22. 22. Origin-Different theories The Theory of Aramaic Origin The origin of the kharoṣṭhī script is a much debated issue. The western scholars are generally of that opinion that kharoṣṭhī script was evolved out of the Aramaic script . The Aramaic connection was first discussed by Edward Thomas. Edward Thomas at first pointed out the similarity between the kharoṣṭhī and Aramaic script. This theory further developed by Isaac Taylor, J. Halevy and Buhler. The following arguments are produced in favour of this theory-
  23. 23. . Resemblance between the Aramaic and the kharoṣṭhī characters. Majority of the kharoṣṭhī signs can be most easily derived from the Aramaic types of the fifth century B.C. which appears in the Saqqarh and Teima inscriptions. . The writing direction of the kharoṣṭhī script from right to the left. . The kharoṣṭhī script has certain characteristics common with the Aramaic script, for instance, the absence of long vowels. . The use of kharoṣṭhī script in only those part of India which were occupied by the Iranians the second half of the 6th B.C. up to
  24. 24. Fourth century B.C. . The Aramaic alphabet was adapted to Indian languages by introducing a number of modifications and addition. . The Aśokan edict in north –west of India at Mānsehra and Shahbāzgrahī use for writing the word , Dipi which evidently was borrowed from old Persian. . The Appearance of the kharoṣṭhī script in India after Iranian invasion.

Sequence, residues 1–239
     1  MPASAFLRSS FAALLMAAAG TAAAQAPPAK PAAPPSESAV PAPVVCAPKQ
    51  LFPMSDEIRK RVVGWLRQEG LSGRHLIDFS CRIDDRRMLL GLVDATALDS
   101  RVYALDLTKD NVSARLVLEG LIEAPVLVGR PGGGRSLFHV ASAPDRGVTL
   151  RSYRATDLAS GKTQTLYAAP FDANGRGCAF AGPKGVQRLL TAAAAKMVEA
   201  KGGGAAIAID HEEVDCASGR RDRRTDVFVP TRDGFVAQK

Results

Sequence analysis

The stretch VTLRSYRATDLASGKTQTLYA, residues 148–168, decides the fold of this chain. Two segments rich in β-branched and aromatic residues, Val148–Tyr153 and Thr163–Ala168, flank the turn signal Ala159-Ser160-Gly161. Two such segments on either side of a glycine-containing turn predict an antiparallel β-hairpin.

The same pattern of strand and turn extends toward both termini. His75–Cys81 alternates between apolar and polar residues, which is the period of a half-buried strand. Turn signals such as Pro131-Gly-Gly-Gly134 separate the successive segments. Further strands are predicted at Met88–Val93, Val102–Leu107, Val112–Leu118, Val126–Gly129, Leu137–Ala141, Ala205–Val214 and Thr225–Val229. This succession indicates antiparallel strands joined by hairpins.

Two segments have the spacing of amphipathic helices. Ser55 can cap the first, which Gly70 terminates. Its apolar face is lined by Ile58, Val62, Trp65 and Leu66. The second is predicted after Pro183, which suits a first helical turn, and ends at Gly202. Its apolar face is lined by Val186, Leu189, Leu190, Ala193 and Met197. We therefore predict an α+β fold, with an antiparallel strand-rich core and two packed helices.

25. 25. Why was this script introduced in India Buhler suggested that the territory of kharoṣṭhī corresponds very closely with the extent of the portion of Indian subcontinent , presumably held by the Persians. Since Aramaic served as the official language of the Persian empire the Aramaic alphabet could be adopted to the Gandhari (Indic) language. Richard Salomon points to the Aśokan edicts in Aramaic that included Prakrit word written in Aramaic Script. It confirms the close connection of the Aramaic with the Indic language and script. Buhler admits that kharoṣṭhī is an alphabet framed with particular regard to the needs of clerks. It arose out of official intercourse between the scribes of the Persian emperor and native chiefs and other authorities A.H. Dani also admits that kharoṣṭhī was originally adopted to write the